That initial step already set up a difference between transitions of crisis versus non-crisis. MLCers deny rather than acknowledge or accept. Denial of the uh oh sets off the crisis. Is the idea that we will experience a midlife crisis ingrained in us and thus is it more likely to become a reality because we manifest an expectation? For some that may be an issue and changing our perspective and removing expectations has benefits. Renaming can do this, but we must also consider what will be lost and how to be inclusive to avoid losing what is relevant to many. How do we include those who deny rather than acknowledge in the phrasing?

I think that often it is a disagreement with terminology that leads people to deny the existence of midlife crisis. I’ve been told that it isn’t valid because there are crises at other times in life that are similar because they are crises of identity or because there are similar associated emotions and behaviors. This is true.
What are your thoughts?
Do various stages or age ranges have differences that need inclusion?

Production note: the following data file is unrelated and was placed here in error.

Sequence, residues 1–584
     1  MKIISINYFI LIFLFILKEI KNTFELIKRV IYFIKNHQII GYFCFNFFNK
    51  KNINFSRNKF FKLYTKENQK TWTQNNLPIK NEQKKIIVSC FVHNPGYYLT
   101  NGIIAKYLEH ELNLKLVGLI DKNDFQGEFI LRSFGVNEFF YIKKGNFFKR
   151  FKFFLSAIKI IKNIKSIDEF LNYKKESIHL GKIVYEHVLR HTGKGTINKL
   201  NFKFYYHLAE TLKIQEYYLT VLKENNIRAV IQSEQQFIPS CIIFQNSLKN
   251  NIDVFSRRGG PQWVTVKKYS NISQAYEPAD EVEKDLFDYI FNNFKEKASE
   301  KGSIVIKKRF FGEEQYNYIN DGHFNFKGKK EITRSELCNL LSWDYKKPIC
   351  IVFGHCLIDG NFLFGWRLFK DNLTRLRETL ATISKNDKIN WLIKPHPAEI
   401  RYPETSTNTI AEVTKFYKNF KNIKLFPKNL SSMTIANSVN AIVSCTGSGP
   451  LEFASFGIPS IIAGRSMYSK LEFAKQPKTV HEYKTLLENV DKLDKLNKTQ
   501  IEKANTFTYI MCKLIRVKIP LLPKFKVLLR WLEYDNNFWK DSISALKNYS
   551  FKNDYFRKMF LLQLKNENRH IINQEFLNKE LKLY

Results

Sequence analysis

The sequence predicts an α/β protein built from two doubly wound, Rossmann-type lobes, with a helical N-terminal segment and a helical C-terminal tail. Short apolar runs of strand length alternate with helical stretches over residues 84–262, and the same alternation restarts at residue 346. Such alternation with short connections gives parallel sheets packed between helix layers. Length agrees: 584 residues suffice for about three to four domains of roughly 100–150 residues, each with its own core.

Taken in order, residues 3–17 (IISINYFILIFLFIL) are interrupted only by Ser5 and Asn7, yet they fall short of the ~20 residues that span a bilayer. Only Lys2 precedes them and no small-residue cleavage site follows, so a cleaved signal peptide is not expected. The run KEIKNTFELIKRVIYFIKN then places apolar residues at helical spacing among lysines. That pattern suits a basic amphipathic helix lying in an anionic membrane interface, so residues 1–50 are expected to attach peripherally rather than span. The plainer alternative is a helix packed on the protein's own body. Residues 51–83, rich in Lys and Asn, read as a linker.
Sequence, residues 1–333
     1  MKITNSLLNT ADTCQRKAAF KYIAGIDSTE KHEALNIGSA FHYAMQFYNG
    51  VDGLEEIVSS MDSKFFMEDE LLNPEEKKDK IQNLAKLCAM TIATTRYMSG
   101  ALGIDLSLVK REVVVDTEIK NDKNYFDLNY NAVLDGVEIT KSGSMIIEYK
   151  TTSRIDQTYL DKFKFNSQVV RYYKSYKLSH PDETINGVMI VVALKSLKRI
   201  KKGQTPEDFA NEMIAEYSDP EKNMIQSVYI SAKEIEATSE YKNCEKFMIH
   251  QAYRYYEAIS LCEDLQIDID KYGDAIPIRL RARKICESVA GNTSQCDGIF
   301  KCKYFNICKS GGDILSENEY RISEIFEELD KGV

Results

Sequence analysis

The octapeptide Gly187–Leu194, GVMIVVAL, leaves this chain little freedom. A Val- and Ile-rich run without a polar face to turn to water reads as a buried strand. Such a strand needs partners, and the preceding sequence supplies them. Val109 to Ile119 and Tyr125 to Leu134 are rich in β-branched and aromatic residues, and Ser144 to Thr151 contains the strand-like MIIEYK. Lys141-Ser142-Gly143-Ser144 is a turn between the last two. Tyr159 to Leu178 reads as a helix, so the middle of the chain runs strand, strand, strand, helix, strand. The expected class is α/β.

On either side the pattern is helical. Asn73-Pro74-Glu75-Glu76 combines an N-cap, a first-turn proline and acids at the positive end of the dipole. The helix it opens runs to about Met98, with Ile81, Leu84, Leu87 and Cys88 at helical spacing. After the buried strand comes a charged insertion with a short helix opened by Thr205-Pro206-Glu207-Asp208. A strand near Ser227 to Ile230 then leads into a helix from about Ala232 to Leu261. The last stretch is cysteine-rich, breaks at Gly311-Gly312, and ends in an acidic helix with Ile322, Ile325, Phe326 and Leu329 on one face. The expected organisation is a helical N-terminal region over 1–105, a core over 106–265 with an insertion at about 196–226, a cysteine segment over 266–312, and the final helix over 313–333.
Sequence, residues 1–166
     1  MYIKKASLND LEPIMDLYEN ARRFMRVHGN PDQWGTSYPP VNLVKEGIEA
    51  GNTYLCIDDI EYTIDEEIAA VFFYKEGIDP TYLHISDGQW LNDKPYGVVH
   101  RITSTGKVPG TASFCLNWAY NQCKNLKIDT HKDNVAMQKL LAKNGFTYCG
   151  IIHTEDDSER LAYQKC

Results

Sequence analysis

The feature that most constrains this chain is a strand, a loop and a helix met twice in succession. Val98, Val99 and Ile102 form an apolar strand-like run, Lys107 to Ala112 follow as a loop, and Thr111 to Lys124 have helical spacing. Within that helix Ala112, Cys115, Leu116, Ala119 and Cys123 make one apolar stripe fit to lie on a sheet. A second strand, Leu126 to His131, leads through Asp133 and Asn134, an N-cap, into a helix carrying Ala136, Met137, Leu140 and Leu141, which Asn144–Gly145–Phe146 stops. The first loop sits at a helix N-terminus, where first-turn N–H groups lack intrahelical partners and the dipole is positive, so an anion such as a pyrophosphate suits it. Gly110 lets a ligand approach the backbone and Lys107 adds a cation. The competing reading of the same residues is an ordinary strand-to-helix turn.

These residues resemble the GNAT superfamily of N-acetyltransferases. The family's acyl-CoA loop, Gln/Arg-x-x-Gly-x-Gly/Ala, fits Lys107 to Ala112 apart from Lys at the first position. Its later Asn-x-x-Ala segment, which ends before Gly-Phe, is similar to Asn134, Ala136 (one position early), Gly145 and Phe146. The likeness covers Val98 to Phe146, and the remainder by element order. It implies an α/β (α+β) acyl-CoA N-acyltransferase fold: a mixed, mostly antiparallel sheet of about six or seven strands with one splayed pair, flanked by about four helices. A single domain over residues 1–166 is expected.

Would it work better to have an umbrella term with the other terms as wings or subsets—Life Transition: midlife transition, midlife crisis, teenage, teenage angst…?
Should the phrase be changed?
Since midlife crisis is already an established phrase, will a change work/ be accepted?
Is this splitting hairs; should we just accept the term midlife crisis even if it is imperfect?


Comments

Midlife Crisis: Should it be Renamed?8 Comments

  1. I do think sometimes that the term "midlife crisis", to the general public has become a cliche and even a joke. If a man or woman suddenly becomes involved in changing their body-image, style – buys a convertible, etc. people will say, oh-they are having a mid-life crisis! The lbs & the families are SO aware that this is not the extent of a mid-life crisis! We only wish it was!